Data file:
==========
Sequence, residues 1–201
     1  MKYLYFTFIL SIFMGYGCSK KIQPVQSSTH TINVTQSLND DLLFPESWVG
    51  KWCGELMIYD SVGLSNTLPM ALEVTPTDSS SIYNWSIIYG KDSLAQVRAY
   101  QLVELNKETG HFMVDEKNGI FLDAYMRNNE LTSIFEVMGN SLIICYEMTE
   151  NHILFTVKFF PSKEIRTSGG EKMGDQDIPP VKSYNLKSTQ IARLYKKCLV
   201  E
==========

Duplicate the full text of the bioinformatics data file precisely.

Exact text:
Sequence, residues 1–201
     1  MKYLYFTFIL SIFMGYGCSK KIQPVQSSTH TINVTQSLND DLLFPESWVG
    51  KWCGELMIYD SVGLSNTLPM ALEVTPTDSS SIYNWSIIYG KDSLAQVRAY
   101  QLVELNKETG HFMVDEKNGI FLDAYMRNNE LTSIFEVMGN SLIICYEMTE
   151  NHILFTVKFF PSKEIRTSGG EKMGDQDIPP VKSYNLKSTQ IARLYKKCLV
   201  E